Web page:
Translational research is often described as the process of moving knowledge from the “bench,” which refers to basic scientific discovery, to the “bedside,” which refers to the application of research. The National Institutes of Health has defined two types of translational research:
Type 1 is defined as taking research that has been performed on animals or cells and advancing it to involve humans subjects, either through clinical trials or further research. Type 1 is also sometimes defined as incorporating research findings into clinical settings. In this framework, clinicians not only receive new tools from researchers but also make observations about their patients that help guide additional research.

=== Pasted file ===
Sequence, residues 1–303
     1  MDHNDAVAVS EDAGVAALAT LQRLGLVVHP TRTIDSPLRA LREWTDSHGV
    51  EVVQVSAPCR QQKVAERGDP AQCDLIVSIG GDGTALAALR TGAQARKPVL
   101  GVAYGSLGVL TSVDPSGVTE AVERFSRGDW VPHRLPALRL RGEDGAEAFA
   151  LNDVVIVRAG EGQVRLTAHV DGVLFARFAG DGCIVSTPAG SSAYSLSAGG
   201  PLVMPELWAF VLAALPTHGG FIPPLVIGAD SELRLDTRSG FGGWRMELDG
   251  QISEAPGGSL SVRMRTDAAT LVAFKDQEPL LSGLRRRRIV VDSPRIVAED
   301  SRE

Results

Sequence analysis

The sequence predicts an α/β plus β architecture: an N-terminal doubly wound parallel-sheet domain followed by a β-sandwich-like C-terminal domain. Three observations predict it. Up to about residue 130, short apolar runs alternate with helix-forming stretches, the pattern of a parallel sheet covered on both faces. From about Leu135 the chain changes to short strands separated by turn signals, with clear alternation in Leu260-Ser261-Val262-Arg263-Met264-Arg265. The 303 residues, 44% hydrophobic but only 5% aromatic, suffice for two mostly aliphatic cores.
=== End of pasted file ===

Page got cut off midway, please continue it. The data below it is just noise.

With the understanding that the application of research sometimes fails to make its way outside of advanced academic medical centers, type 2 describes an effort to incorporate research into everyday medical practice. Referred to by some as moving knowledge from the bedside to the community, type 2 involves educating practitioners, determining the effectiveness of research-derived treatments, and analyzing the economic impacts of new methods.